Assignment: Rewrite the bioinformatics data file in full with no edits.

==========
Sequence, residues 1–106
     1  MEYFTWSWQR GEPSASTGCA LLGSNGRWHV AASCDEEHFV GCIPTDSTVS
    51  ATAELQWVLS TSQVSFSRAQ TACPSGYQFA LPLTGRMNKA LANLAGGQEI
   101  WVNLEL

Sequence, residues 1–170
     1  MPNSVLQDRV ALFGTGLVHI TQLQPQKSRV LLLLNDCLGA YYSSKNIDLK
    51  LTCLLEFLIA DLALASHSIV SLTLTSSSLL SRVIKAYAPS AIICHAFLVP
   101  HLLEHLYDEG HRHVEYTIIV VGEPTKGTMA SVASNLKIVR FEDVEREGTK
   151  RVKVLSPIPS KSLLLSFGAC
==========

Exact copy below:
Sequence, residues 1–106
     1  MEYFTWSWQR GEPSASTGCA LLGSNGRWHV AASCDEEHFV GCIPTDSTVS
    51  ATAELQWVLS TSQVSFSRAQ TACPSGYQFA LPLTGRMNKA LANLAGGQEI
   101  WVNLEL

Sequence, residues 1–170
     1  MPNSVLQDRV ALFGTGLVHI TQLQPQKSRV LLLLNDCLGA YYSSKNIDLK
    51  LTCLLEFLIA DLALASHSIV SLTLTSSSLL SRVIKAYAPS AIICHAFLVP
   101  HLLEHLYDEG HRHVEYTIIV VGEPTKGTMA SVASNLKIVR FEDVEREGTK
   151  RVKVLSPIPS KSLLLSFGAC